The Supreme Court is back in session this morning and has agreed to hear nine new cases, two of which relate to the extent that online platforms can be held liable for terrorist recruitment efforts.
One of the cases will directly address the extent of Section 230 protections of the Communications Decency Act of 1996. In Gonzalez v. Google, Reynaldo Gonzalez sued the company under Section 2333 of the federal Anti-Terrorism Act, claiming that YouTube algorithms helped the Islamic State group radicalize and recruit terrorists through videos and that this led to the death of his daughter, Nohemi, in an ISIS attack on a Parisian bistro in 2015. Gonzalez argues that Google (which owns YouTube) could be held liable for damages under the act.
Under Section 230, Google is generally not legally liable for the content that third parties post online through their platforms. Lower courts have ruled against Gonzalez thus far. But the question presented by Gonzalez is whether Section 230 protects Google when YouTube's algorithmic program makes "targeted recommendations of information provided by another information content provider." In other words, when YouTube recommends videos to people who use the platform without these users actively searching for them, can Google then become liable for the content of said videos?
In the second case, Twitter v. Taamneh, the Court will consider under the same section of the Anti-Terrorism Act whether Twitter can be found to be aiding and abetting terrorists (and, as with the last case, be held liable for damages in civil court) because its service is used by terrorists, even though Twitter forbids such use and actively removes accounts of terrorists when they're found. The plaintiffs in this case are relatives of Nawras Alassaf, who was killed in a terrorist attack by an ISIS member at a nightclub in Istanbul, Turkey, in 2017. According to Twitter's petition, the terrorist responsible for the attack wasn't even using its service. The plaintiffs insist that because other terrorists have been found to be using Twitter, it can nevertheless be held liable for not taking enough "proactive" action to stop terrorists from accessing the platform.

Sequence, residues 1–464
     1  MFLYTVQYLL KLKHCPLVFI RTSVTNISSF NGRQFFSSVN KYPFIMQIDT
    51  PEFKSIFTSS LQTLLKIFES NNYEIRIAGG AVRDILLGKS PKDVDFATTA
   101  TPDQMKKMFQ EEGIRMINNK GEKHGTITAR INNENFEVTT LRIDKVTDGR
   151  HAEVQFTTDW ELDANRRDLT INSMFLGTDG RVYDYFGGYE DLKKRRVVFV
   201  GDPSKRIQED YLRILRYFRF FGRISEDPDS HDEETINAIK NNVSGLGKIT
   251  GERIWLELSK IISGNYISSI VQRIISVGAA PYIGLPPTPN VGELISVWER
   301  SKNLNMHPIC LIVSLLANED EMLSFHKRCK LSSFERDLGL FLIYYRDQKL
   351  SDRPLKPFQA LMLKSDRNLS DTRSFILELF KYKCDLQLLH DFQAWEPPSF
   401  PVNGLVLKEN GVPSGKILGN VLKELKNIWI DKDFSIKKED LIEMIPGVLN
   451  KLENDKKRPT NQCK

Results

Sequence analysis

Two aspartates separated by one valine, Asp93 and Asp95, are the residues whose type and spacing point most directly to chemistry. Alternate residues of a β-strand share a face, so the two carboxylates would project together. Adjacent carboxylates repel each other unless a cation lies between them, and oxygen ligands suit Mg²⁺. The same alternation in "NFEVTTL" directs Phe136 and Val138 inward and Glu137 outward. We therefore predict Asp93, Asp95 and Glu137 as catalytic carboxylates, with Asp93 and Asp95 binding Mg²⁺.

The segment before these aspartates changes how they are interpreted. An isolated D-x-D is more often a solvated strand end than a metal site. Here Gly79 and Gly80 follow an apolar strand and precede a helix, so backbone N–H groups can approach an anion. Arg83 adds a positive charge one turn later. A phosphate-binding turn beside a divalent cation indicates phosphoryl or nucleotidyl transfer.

Twitter v. Taamneh is not a Section 230–related case on the surface—though Twitter did try unsuccessfully to invoke its protections.
The U.S. 9th Circuit Court of Appeals ruled in January on both the Google and the Twitter cases in the same decision. The court decided that Google was shielded by Section 230 but that Twitter could be held financially liable for terrorists using its platform, even if the actual terrorist involved wasn't using Twitter. This decision linked the two cases together, which can explain why the Court took up both of them.
Some media coverage of the Supreme Court granting the cases today notes that Justice Clarence Thomas has been vocal that the Court will eventually have to examine the power Big Tech companies have over who has access to their platforms and whether Section 230 has any limits to what content/users companies may remove.
It doesn't seem like these are necessarily the types of cases Thomas meant, though the rulings may still be significant. Thomas and many other conservatives are worried about the power Twitter, Facebook, and other social media companies have to "deplatform" users based on their viewpoints. But in both of these cases, the two companies face lawsuits because they apparently didn't censor enough; both of these cases are about who Google and Twitter didn't deplatform.
Section 230 helps protect online speech. If Google loses its case, the probable outcome will be a significant reduction of video recommendations on YouTube, making it harder for people to find videos related to what they're viewing and harder for content providers to reach viewers. If Twitter loses its case, it will most likely result in even more account bans at even the slightest suggestion of anything violent or inappropriate.